Two, threaten her. Don’t tell her that you are going to tell the stake president or the bishop about her behavior. She is not your child and you don’t need to threaten a consequence to her bad behavior. (And if she really is a gossipy, drama-loving person, she will probably beat you at that game.) However, if her gossip continues, I think you would be justified in talking privately with the bishop about it.

Three, lose confidence in all stake leaders. Stake leaders are people. And even though they ought to behave better than the general population of the world (as should we all), sometimes they do not. You are probably feeling the injustice of this situation. Here is your daughter, condemned by the mother of a young man for doing exactly the same thing her son was doing! How hypocritical! But this injustice is as old as time. Many parents are perfectly willing to excuse in their own child what they condemn in another’s.

This is especially true when boys and girls pair off. There are some people who see a boy’s romantic endeavors as something to be expected and applauded, while a girl who behaves similarly is labeled as “trouble” and “that kind of girl.” This is not fair. But it is reality, and there is nothing you can do about it but try to explain it to your daughter.

You must teach your daughter that behavior that seemed friendly when she was a child seems forward as a teen and will become untoward when she is an adult. Children can rush up to an adult of the opposite sex and hug him. Teens should not. Adults cannot. You are not ruining her innocence or making her grow up too fast by teaching her this: You are educating her on how to behave as a young lady and a grown woman.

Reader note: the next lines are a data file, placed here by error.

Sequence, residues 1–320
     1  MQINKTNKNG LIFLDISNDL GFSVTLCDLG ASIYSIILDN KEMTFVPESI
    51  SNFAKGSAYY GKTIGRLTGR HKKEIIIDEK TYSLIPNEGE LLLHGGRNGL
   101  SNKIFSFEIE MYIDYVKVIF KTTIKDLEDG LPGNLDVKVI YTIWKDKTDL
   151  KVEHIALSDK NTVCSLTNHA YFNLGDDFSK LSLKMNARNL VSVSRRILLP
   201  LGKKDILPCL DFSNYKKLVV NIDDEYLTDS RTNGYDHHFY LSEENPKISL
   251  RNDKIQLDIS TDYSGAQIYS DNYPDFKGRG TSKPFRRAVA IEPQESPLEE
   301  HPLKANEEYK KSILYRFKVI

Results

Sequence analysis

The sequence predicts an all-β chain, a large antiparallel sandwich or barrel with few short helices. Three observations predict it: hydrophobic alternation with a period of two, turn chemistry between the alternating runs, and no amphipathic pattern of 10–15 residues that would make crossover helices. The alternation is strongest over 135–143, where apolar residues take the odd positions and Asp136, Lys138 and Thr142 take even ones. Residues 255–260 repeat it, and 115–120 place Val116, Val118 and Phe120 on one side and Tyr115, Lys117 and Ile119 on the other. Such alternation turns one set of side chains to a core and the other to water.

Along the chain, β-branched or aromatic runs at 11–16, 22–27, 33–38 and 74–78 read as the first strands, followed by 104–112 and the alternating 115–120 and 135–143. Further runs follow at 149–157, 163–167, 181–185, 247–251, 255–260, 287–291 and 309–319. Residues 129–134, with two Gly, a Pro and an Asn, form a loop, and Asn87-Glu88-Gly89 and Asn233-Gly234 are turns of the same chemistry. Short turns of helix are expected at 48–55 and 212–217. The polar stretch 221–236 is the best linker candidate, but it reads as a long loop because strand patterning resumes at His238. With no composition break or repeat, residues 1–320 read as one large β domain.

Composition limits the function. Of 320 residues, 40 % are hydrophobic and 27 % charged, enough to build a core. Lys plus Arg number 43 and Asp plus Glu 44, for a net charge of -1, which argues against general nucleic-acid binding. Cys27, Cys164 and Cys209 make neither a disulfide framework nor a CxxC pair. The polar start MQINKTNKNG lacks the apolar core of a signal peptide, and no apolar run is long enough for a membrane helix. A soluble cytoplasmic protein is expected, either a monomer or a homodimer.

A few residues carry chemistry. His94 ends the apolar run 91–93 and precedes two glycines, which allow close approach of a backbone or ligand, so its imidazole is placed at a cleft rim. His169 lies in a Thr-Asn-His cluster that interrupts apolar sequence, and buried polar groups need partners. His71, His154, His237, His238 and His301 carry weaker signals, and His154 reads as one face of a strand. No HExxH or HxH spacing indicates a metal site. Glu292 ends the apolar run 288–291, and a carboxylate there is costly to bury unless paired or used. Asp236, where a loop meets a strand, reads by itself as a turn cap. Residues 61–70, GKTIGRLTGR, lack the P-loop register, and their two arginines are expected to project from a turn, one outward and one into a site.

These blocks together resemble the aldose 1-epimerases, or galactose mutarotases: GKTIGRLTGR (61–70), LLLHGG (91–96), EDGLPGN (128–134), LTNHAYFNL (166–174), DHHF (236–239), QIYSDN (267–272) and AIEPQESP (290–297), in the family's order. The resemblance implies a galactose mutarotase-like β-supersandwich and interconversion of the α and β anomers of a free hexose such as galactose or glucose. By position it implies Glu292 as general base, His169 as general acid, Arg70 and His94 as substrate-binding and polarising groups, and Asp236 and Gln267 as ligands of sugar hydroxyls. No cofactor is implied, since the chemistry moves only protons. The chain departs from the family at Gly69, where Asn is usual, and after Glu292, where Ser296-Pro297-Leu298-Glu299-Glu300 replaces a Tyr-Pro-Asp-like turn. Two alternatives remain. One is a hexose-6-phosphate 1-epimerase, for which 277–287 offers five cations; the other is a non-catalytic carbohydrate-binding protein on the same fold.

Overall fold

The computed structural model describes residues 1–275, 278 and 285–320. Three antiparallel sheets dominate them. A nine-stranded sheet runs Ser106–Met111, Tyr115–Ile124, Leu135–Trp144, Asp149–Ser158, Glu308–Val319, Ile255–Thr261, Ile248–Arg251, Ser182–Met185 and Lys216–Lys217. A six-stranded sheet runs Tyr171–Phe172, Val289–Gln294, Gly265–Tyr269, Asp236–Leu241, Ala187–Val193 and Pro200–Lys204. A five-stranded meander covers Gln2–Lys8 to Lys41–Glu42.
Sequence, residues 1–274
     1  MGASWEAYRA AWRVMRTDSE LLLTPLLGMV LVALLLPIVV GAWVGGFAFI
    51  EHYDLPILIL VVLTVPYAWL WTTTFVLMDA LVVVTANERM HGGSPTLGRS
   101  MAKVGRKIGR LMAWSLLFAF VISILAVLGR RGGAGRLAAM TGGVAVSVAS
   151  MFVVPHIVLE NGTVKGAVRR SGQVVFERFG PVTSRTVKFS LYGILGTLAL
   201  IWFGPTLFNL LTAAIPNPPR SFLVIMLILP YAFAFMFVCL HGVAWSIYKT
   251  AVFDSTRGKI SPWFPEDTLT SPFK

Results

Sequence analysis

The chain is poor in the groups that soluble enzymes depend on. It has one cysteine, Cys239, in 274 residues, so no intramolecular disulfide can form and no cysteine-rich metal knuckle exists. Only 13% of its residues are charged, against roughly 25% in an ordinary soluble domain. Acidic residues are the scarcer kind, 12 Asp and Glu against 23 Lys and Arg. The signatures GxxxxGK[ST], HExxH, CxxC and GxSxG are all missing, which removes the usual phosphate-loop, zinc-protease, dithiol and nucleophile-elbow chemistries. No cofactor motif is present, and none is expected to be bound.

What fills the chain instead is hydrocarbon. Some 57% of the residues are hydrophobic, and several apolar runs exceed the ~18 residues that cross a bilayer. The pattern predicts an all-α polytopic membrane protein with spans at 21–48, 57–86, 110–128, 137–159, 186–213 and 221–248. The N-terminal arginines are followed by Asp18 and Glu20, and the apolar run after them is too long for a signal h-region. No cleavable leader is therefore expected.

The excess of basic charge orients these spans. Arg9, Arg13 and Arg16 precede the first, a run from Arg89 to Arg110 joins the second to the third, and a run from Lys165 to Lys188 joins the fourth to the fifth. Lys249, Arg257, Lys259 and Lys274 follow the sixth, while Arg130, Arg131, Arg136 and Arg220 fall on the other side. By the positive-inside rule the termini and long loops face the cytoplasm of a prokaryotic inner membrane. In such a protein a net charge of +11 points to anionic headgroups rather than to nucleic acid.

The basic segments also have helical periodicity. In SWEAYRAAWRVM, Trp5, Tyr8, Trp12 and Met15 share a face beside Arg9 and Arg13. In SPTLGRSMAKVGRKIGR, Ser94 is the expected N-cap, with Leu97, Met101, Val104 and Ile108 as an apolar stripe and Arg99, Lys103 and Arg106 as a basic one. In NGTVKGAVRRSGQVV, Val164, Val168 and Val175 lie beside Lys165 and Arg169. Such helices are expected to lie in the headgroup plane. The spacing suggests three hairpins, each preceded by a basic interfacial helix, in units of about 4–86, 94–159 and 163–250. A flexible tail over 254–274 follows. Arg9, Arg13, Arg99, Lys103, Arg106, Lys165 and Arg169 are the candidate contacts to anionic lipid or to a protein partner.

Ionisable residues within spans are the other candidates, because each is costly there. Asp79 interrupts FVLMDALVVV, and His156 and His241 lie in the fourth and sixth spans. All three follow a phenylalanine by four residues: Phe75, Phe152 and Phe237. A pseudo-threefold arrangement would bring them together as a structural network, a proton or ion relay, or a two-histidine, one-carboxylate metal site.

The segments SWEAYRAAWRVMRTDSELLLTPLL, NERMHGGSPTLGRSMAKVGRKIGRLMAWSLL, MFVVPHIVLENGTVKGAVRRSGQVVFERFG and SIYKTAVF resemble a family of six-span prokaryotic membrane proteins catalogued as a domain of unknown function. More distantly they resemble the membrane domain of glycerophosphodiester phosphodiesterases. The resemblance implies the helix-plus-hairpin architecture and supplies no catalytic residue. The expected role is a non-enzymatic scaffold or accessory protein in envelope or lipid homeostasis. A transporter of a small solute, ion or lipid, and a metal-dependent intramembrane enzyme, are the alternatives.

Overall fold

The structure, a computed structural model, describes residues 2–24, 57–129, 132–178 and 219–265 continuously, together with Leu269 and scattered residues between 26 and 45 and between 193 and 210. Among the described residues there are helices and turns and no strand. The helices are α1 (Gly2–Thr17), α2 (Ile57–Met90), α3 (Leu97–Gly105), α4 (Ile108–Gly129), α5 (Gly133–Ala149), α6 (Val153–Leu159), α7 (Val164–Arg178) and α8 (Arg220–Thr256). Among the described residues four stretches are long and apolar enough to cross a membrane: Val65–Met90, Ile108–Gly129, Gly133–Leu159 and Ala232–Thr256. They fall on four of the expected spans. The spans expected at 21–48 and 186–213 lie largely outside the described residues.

So consider whether her behavior actually needs to change. Where you see friendly, do others see flirty? Where you see reaching out to include others, do others see forward? Where you see kindness, do others see romantic interest?

There is a welcome place for flirtation, romantic interest, and even forwardness in the lives of teenagers. But you must make sure that your daughter understands what kind of behavior towards young men is appropriate in what situations. And what kind of behavior will expose her to unkind comments.

Do you have a quandary, conundrum, or sticky situation in your life? Click this button to drop Cyndie a line, and she’ll be happy to answer your question in a future column. Any topic is welcome!


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About Cyndie Swindlehurst

Cynthia Munk Swindlehurst spent her childhood in New Hampshire and her adolescence in San Diego. She served a mission in Manaus Brazil. She graduated from Brigham Young University with a degree in English and from Duke University with a law degree.

She practiced law until her first child was born. She enjoys reading, tap dancing, and discussing current events. She and her husband live in Greensboro, North Carolina with their two sons.

Cyndie serves as the Sunbeams teacher in her ward.

Visit Cyndie at Dear Cyndie